2017 | 479pp | £21.18
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The phrase ‘health and safety’ – often spoken with a resigned tone and an eye roll – is considered by many to be a mechanism that slows down progress, prevents prosperity and reduces profits. But those that view completing COSHH forms, reporting near misses or adverse effects as a drudgery are misinformed. Business leaders, politicians, scientists, consumers – we all have a duty of care.
We sometimes need reminding of where health and safety came from, and why it is so very important for progress. The Radium Girls compels us to remember.
Kate Moore tells the story of the American factory workers who tragically suffered radiation poisoning from prolonged exposure to radium, which was used to make luminescent paints for clock dials in the early 20th century. Through thorough research using press reports, journals and interviews with the surviving relatives, Moore presents a vivid image of life as a dial painter. She invites us to discover the personal stories of some of those workers (Grace, Mollie, Catherine) who were so essential during the great depression and the first and second world wars. The paint they used was infused with radium, the great wonder product of the 1910s. Back then, it was everywhere from toothpaste, face creams (for the glow), to medical cure-alls. Problems arose from ingesting it; as the body recognises radioactive radium as calcium. Tragically, as the dial painters were required to shape their radium-sodden paintbrushes using their lips, ingestion was inevitable.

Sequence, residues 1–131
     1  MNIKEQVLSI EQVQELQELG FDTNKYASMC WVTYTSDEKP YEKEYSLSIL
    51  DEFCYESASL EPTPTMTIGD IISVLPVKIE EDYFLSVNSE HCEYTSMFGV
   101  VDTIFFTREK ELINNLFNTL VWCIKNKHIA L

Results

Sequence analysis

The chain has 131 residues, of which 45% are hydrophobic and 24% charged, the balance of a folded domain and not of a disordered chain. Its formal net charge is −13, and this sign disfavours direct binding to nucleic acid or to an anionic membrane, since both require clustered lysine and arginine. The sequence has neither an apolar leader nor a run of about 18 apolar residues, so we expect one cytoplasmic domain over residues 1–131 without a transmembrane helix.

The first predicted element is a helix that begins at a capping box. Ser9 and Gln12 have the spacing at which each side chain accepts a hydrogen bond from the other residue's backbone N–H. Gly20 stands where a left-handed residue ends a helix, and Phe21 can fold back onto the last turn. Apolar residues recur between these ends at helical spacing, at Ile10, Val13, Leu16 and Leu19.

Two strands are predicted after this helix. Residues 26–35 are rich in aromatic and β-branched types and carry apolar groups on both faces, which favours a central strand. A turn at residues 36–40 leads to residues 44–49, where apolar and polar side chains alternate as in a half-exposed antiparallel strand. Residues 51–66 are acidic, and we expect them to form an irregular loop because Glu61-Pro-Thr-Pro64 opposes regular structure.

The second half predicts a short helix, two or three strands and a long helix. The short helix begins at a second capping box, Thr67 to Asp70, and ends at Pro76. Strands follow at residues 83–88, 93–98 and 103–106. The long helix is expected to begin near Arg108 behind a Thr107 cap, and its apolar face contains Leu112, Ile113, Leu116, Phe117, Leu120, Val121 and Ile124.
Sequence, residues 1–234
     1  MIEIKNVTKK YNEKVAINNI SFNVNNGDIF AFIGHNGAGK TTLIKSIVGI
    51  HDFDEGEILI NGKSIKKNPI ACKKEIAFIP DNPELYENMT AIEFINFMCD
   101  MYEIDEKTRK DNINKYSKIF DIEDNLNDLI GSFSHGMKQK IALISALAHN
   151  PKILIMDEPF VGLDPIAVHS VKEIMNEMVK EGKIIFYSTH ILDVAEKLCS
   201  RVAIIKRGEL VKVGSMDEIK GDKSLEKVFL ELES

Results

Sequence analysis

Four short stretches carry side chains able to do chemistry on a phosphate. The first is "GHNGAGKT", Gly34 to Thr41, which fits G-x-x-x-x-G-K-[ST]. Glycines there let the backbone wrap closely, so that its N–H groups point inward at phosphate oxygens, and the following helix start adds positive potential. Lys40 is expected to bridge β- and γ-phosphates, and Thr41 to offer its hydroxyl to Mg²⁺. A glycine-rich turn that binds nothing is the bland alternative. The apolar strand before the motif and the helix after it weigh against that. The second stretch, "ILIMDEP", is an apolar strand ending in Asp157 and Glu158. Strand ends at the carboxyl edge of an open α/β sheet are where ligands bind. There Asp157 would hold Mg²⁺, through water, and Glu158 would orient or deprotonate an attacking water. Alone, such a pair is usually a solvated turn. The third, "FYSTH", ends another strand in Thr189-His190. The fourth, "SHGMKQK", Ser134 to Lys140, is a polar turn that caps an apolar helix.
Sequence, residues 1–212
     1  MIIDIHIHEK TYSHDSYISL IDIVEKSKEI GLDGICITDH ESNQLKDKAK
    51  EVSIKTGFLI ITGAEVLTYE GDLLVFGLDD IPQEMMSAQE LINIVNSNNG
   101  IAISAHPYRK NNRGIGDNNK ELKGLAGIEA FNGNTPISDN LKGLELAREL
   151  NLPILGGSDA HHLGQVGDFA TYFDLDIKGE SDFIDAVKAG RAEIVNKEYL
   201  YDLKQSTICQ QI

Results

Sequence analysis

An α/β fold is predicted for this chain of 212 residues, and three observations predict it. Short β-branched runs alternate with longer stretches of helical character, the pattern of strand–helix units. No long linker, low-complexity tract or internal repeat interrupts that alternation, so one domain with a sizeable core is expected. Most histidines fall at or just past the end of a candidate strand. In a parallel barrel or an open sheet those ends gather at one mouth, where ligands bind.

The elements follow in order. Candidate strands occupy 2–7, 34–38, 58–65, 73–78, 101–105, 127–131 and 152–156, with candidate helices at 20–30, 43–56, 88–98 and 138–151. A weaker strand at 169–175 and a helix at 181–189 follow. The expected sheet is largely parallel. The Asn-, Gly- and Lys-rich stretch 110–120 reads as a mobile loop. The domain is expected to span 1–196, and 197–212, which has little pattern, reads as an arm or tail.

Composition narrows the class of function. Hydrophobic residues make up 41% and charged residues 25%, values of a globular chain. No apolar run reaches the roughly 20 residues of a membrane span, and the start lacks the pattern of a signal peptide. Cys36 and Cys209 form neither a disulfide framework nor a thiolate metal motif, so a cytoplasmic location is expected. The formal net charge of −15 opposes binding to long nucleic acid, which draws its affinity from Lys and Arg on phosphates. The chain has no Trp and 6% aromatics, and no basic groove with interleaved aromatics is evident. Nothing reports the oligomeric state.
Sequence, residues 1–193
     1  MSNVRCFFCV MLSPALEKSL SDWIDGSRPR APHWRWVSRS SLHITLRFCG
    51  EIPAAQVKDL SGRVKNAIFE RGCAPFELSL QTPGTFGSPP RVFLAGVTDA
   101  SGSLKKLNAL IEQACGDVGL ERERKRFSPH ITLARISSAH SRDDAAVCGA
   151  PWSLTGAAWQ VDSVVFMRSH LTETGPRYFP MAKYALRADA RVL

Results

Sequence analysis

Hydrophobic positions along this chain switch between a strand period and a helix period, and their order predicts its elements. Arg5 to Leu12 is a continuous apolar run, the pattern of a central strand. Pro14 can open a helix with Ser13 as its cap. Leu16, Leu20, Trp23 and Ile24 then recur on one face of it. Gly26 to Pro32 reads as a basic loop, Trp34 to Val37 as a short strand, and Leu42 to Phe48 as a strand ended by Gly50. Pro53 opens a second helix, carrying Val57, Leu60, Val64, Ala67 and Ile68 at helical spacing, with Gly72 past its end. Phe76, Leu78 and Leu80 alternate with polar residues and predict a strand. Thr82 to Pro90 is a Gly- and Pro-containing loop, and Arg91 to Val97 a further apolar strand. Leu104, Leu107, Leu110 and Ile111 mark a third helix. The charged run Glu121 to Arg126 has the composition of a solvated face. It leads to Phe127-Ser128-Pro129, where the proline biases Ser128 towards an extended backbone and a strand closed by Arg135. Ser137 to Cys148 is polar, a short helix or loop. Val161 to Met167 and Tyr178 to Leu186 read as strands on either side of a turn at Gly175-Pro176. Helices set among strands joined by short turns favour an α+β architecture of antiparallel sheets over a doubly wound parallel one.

With sensitivity, Moore recalls a time when health and safety practices were non-existent for the girls in the studios, while the men employed to create the paint were given protective lead clothing. The law was incredibly limited on what it considered an occupational poisoning, and so to meet the mounting medical bills, restitution together with a change to the law was sought.
While reading this, I was shocked at the working practices and attitudes of those times. How could they? I kept asking myself with every gripping, desperate new chapter. 1922, when the first victim – Mollie – succumbed to the poisoning, might seem like a bygone age. However, the shocking conclusions to Moore’s investigations warn us that such attitudes aren’t so distant. The effects of radium contamination and poisoning are still being felt.
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